Today, I took a bike ride down the side of Lake Michigan for my inaugural visit to the Museum of Contemporary Art in Chicago. Despite having lived here for more than a year, I've never made it down to the MCA. Sitting in the shadow of the Hancock building and Mies' Lakeshore towers, the building is a strict concrete box.
They seem to favor the blue and green.
The show that finally lured me downtown was Ronan and Erwan Bouroullec: Bivouac. The Bouroullecs are French brothers, born in the early 1970s, who have been practicing since the mid-nineties. They first started garnering some serious attention around the time I was an undergraduate studying architecture, popping up in the design glossies and various museums. By 2009, when they appeared in Gary Hustwit's industrial design documentary Objectified, they had ascended to a rare plane, working across the borders of art, architecture, furniture design, design theory, and mass-market manufacturing. They have produced pieces for Cappellini, Ligne Roset, Alessi, and Vitra, amongst others.
L-R: Michael Darling, Erwan Bouroullec, Ronan Bouroullec.
Their approach unselfconsciously hearkens back to the mid-century masters referenced so often on this blog: Charles and Ray Eames, George Nelson, and Jean Prouve (un-coincidentally distributed by Vitra as well). Each piece is meticulously iterated, stripped to its essentials, and made with physical and aesthetic durability in mind.
Rug, hand-dyed and knitted in Pakistan.
Joints are often exposed, but impeccably machined. Metal and wood interact crisply. Humble materials are elevated through honorable treatment. Complex structures are made out of small, repeated organic units. An implicit trust is granted the consumer with self-assembled, flat-pack pieces. Micro-architectural elements -- screens, dividers, furniture with walls -- define space and develop a private-public dynamic.
Their take on a vase.
Anchor for stem detail.
The light and blue background make the flowers pop.
Piani Lamp, carved out of basalt.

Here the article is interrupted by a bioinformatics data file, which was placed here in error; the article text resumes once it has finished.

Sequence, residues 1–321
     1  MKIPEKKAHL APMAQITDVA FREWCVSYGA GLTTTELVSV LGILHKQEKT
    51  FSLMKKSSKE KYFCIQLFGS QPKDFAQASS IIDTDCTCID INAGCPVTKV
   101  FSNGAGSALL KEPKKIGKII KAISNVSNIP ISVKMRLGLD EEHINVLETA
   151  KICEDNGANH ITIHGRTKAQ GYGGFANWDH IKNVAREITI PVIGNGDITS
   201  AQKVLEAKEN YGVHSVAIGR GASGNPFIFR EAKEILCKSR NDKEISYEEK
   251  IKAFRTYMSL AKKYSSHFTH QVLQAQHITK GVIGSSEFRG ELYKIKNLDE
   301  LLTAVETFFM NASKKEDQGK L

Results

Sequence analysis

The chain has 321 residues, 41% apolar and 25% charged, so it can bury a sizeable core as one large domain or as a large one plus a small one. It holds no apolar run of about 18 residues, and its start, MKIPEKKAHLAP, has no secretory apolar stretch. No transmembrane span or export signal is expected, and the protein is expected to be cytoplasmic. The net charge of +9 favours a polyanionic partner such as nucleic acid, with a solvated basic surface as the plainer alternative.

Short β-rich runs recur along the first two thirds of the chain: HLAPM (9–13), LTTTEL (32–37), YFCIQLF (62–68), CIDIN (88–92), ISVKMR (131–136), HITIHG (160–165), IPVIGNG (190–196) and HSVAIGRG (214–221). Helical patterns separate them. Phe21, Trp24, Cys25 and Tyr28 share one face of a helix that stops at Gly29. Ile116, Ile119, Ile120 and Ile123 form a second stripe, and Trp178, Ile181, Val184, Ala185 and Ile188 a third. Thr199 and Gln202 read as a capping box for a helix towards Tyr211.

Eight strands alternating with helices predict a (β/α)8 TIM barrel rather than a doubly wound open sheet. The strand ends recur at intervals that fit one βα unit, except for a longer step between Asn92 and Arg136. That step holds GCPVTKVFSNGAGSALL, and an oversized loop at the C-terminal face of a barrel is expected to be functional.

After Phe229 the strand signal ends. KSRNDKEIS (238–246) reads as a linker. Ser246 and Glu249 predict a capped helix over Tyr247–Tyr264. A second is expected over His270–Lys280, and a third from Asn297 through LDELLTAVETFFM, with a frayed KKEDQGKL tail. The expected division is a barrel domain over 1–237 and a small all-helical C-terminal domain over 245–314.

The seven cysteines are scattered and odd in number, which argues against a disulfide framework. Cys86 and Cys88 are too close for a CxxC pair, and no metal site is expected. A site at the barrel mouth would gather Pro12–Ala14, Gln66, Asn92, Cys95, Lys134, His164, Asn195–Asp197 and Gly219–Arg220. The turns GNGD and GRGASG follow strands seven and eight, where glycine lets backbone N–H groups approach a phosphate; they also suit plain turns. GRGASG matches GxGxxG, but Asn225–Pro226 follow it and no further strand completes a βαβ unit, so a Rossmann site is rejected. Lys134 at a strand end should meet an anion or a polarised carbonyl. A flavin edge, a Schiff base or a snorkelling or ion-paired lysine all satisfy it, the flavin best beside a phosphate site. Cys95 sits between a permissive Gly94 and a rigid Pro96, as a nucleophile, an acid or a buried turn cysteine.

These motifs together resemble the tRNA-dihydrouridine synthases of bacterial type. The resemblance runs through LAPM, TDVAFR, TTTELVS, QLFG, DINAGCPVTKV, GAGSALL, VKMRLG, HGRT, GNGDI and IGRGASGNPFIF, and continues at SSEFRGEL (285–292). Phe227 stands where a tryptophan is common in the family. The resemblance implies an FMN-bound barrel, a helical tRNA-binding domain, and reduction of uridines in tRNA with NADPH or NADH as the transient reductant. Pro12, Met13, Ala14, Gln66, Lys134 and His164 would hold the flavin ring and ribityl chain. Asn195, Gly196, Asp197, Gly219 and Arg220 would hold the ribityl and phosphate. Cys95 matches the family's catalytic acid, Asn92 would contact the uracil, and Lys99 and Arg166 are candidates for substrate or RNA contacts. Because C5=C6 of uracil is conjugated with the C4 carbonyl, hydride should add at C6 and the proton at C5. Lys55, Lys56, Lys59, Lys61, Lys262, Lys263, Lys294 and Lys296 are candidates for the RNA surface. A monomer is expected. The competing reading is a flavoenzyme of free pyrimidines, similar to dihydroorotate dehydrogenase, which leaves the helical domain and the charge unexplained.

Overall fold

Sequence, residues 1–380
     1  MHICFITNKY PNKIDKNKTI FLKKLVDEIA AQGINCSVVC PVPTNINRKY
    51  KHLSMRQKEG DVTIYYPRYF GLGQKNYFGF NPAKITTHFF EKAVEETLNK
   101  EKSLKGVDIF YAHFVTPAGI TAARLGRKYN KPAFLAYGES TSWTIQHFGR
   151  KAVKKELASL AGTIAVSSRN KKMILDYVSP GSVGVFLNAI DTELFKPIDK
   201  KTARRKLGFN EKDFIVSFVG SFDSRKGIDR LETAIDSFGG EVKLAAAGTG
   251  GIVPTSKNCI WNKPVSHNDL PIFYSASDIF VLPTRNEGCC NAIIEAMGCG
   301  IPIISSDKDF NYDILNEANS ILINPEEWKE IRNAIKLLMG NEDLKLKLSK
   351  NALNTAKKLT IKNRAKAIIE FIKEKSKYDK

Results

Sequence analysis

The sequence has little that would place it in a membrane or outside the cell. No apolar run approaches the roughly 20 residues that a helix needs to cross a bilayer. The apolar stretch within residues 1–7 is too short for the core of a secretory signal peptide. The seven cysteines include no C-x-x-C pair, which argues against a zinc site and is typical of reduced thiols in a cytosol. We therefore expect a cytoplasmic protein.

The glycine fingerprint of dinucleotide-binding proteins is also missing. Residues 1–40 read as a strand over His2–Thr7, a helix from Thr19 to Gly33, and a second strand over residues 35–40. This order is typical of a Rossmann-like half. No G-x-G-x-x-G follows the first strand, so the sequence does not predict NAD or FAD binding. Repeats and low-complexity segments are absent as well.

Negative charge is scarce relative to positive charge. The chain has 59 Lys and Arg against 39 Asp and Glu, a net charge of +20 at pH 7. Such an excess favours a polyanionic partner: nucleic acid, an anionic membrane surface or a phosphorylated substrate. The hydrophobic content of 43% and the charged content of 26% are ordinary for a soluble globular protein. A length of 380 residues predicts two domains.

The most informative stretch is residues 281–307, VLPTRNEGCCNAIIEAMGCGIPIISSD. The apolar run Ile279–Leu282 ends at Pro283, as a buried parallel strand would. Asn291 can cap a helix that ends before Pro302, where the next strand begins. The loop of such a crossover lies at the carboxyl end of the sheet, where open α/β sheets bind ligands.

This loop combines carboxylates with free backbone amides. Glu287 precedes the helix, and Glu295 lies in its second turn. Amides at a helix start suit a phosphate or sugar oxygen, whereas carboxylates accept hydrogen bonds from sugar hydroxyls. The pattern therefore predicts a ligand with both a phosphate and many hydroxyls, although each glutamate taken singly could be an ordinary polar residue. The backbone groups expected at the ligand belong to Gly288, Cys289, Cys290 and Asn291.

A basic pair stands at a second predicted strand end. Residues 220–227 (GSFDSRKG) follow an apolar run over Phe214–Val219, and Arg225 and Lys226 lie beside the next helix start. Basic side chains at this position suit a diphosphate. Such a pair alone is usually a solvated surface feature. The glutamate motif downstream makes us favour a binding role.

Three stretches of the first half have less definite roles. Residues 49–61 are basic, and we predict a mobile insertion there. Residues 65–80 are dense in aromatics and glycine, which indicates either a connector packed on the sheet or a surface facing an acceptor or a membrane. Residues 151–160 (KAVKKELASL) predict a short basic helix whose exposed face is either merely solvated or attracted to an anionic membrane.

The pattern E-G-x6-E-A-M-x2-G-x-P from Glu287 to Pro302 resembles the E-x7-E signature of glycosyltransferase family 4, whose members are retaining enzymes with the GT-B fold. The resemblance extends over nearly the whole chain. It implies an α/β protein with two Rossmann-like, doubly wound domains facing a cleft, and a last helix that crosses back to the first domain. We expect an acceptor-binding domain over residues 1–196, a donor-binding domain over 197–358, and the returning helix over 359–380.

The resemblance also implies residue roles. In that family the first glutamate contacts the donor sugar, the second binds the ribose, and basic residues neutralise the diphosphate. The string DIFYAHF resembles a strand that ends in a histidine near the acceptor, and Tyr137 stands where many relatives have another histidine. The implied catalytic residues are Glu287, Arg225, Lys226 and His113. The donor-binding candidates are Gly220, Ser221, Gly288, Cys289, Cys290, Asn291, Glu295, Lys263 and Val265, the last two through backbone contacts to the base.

In conversation with curator Michael Darling (whose master's thesis was on George Nelson), the Brothers dropped a lot of memorable quotes in sharply accented English. Erwan, the younger brother, looked an awful lot like a bearded Edgar Allen Poe. Like many such design talks I've attended, this one was kind of cryptic and rambling, (in a good way). Some quotes:
Erwan: "We couldn't really cope with society." (on their pieces of furniture with walls)
"We don't do bespoke furniture. It is for the universal man."
"We try to erase the sign that says 'use this thing in this certain way . . .'"
"A dark-top table means for everyone 'management.'"
"We want to come into a space, completely change it, and leave no trace. Like a circus." (in response to a question about the name of the show, Bivouac)
"A chair is a pop song."
"I quite like the lightness of consequence of object design."
"Better production. Less consumption."
Ronan: "The world is quite ugly. We are here to define a certain way of living."
"100 years ago, a family of four was surrounded by 200 objects. Now, it's 2,000.
The quality has gone down."
Erwan, 36, and Ronan, at 41, are just entering the middle of their careers. I think it is not too early to christen some of their work iconic, or classic; others already have. Hopefully I'll get a chance to own some of their pieces. In the meantime, I'll settle for a monograph. Autographed.
Sketch for Vegetal Chair.
Cloud Modules, made of styrofoam, one of their first widely-remarked-upon pieces.
Titus maxin' in the Alcove Sofa, one of their micro-architecture pieces.
The walls can zip down to open up the space.
Gorgeous interaction of steel and wood; one stamped shell and five structural wood members. Hearkens back to my boy Prouve.
Osso Chair. Straight legendary status. Eight pieces, machined perfectly.